I don't understand the run for GraphQL everywhere, does everybody query sparse and deep nested data on their website? From my experience, Apollo works well except when it doesn't and then you have a lot of magic going on.
Zeplin works quite well for our team and creates a nice connection to our designers. Storybook on the other hand not so much. At first we developers used it, then we had to update some things for Apollo but Storybook was not ready for that. Now everything runs again but nobody uses Storybook actively anymore...
I have the feeling that the software industry is often driven by personal preference instead of sane decisions. I see projects that use micro services without any reason, using React for static content, dockerizing everything to a ridiculous amount, K8s because why not. All of that because it's interesting for the developer not because it's good for the user.
Exactly. Forced to use GraphQL at work for an internal-only API and what a nightmare - what would be a nice, one-line REST API query can take hundreds of lines (not exaggerating).
If you're serving a public-facing API at massive scale, yes, GraphQL will save you bandwidth. If not, what a pain in the *. For most engineers it's a solution in search of a problem.
I work primarily as a FE software engineer who spends a lot of time researching, using the JS ecosystem. I have gone through graphQL/apollo docs multiple times in order to really understand the value add. Fetching/bandwidth/caching/persistence appear to be the biggest value adds for the tech. To me, these are the easiest things to do in a react/redux SPA. Fetching data isn't difficult, it's all the derived state data that is the hard part. Most of the "business" logic for me is formatting the data in a way that makes sense for whatever UI component I'm building, combining multiple streams of data for the UI, when to refresh data, optimistic UI, and offline support. To me the "declarative fetching" is not really that much a sell to me, because that piece of many projects of even intermediate size is relatively small.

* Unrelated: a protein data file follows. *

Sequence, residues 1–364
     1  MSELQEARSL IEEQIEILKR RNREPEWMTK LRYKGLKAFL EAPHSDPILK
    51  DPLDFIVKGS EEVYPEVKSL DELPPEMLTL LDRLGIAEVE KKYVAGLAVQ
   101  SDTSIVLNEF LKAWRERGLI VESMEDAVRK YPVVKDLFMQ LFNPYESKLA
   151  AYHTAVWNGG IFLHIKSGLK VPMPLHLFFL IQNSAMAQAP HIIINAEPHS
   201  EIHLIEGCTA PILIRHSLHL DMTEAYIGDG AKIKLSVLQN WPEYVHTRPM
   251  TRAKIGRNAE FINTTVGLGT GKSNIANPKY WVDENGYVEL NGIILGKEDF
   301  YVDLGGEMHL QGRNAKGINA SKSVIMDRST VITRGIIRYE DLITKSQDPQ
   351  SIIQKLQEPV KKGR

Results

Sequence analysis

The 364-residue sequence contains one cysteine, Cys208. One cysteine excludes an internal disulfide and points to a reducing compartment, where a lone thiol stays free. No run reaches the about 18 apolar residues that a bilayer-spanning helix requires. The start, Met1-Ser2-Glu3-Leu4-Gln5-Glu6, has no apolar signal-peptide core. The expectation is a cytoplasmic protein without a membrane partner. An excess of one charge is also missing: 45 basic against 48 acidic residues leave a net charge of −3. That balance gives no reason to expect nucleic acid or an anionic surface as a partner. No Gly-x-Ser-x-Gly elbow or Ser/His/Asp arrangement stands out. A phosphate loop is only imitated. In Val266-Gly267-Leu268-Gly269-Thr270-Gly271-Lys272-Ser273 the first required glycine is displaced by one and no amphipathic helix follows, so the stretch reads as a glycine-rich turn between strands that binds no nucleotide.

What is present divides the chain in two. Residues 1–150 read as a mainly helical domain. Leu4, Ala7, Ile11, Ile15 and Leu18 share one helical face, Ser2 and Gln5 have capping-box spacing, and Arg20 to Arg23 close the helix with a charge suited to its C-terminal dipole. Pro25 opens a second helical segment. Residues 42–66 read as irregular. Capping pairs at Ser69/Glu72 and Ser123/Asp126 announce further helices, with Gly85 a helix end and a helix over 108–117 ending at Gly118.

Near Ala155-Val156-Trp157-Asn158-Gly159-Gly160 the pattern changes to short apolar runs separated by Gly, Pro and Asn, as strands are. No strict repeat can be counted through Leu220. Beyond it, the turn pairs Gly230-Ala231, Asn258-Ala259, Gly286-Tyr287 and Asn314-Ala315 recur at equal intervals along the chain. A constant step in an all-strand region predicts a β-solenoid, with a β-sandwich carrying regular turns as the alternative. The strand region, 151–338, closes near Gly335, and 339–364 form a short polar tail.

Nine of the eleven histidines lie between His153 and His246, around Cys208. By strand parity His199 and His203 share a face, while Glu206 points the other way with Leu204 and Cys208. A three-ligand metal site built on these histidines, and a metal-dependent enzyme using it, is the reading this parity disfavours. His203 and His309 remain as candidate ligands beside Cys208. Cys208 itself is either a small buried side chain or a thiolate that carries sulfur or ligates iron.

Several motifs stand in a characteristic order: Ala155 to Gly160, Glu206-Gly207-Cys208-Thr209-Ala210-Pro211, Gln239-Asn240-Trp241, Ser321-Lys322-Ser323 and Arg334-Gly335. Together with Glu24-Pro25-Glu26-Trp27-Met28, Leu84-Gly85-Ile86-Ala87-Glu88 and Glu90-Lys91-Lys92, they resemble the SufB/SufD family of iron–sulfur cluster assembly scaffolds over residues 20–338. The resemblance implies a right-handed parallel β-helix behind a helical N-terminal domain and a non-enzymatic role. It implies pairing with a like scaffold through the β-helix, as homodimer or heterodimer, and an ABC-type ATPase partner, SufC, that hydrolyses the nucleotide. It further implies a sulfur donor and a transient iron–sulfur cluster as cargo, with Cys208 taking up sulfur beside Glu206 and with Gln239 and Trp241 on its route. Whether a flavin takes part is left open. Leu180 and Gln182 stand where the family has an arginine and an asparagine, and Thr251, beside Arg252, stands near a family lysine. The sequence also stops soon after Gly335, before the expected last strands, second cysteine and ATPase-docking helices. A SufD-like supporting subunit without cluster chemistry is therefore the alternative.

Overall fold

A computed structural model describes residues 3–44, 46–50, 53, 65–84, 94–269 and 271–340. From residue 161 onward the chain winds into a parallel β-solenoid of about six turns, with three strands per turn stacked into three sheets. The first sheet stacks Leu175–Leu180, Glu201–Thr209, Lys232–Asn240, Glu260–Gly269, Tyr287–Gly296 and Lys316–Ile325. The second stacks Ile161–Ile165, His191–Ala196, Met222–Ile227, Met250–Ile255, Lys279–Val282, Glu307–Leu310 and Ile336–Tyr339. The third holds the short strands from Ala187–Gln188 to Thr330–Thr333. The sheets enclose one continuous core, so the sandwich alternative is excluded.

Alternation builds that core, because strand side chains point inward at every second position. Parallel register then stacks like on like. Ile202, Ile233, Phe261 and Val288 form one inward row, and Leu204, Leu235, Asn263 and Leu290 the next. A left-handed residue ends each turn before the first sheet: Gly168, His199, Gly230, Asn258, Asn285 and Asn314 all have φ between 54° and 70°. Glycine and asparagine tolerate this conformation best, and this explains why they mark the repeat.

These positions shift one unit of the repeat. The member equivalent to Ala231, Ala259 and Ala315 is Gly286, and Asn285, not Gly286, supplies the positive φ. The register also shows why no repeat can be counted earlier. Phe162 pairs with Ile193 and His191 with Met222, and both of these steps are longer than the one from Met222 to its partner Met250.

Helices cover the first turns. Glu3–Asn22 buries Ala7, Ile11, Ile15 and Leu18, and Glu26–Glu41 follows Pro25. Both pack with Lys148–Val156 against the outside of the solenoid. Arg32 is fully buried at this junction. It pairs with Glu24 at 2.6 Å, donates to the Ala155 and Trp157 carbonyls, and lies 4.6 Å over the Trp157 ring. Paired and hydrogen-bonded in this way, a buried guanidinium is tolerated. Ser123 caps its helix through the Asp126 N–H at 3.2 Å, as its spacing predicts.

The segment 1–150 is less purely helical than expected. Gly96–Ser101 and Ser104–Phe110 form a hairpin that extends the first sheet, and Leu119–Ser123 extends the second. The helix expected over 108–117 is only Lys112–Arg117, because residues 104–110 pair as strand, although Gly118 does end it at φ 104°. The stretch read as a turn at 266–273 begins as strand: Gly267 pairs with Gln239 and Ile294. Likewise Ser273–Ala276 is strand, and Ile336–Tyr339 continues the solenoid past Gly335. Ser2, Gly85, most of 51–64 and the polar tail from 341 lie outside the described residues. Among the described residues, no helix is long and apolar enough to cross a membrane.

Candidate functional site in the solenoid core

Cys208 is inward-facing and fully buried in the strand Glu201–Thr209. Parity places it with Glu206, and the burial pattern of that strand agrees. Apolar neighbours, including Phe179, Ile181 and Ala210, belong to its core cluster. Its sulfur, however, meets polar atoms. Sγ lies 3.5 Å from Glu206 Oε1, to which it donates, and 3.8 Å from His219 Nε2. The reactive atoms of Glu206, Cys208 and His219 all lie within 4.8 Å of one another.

I realize that apollo is trying to solve some of the optimistic UI, offline support, but it does not seem to fit super well atm. The other really big issue I have with apollo is like you stated: it's easy until you want to do something that it can't do. This is the worst position to be in because for 80% of the use-cases it works, but that other 20% where it doesn't fit at all can make a team's life a living hell.
Not to mention most of the time, for any large enough SPA, you will still need redux. If I still need redux then apollo solves nothing for me.
Of course the bigger issue, though, is the Redux Dev Tools/Thunks/Sagas/Observables ecosystem where you want a richer experience and/or already have existing code investments. Apollo has some equivalents to those (Apollo Dev Tools; resolvers can return promises, taking care of a lot of basic thunks/sagas), but it probably needs richer options for others. I know redux-observable is currently a big need for several of my applications and I don't currently know any way to approach that in Apollo other than maybe trying my luck with a custom "Link" and that API looks more intimidating than it probably is, enough so that I haven't had the investment need to approach it. (Then again, most of my applications need to be offline-first so GraphQL in general isn't a great fit for them, though Apollo looks like options might be possible eventually, if someone built a little more infrastructure [Links] for them.)